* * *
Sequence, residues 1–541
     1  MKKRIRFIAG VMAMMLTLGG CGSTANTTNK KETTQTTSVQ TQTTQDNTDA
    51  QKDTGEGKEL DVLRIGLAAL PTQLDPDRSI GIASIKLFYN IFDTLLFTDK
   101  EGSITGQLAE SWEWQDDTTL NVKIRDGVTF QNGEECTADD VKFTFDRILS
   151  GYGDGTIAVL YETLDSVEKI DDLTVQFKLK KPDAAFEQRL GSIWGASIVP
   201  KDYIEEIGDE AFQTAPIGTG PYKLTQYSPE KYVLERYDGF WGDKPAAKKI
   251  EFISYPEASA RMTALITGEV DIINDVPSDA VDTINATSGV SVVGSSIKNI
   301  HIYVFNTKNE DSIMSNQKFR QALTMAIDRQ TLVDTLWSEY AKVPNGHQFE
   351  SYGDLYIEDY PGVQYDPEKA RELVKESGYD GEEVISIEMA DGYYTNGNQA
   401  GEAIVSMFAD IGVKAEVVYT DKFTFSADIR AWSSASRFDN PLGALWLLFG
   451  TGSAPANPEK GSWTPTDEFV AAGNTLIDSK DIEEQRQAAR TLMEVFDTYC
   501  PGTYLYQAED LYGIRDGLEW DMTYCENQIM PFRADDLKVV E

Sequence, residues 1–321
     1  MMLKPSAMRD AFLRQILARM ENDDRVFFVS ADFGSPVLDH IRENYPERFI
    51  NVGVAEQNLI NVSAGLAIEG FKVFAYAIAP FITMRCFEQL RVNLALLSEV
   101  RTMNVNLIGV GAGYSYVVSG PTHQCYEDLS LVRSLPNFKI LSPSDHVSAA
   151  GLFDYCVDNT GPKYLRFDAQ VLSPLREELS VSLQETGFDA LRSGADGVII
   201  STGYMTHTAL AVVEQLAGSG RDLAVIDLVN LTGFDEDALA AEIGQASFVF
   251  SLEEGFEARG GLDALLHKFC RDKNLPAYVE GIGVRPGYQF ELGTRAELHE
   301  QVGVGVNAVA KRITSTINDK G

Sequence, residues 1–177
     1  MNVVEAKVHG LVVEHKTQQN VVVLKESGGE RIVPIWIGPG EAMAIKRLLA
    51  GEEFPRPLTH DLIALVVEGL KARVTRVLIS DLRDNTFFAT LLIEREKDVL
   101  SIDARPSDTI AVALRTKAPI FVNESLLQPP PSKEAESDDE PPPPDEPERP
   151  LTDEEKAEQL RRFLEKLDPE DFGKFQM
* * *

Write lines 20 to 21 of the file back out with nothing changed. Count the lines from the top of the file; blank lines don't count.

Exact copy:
   301  QVGVGVNAVA KRITSTINDK G

Sequence, residues 1–177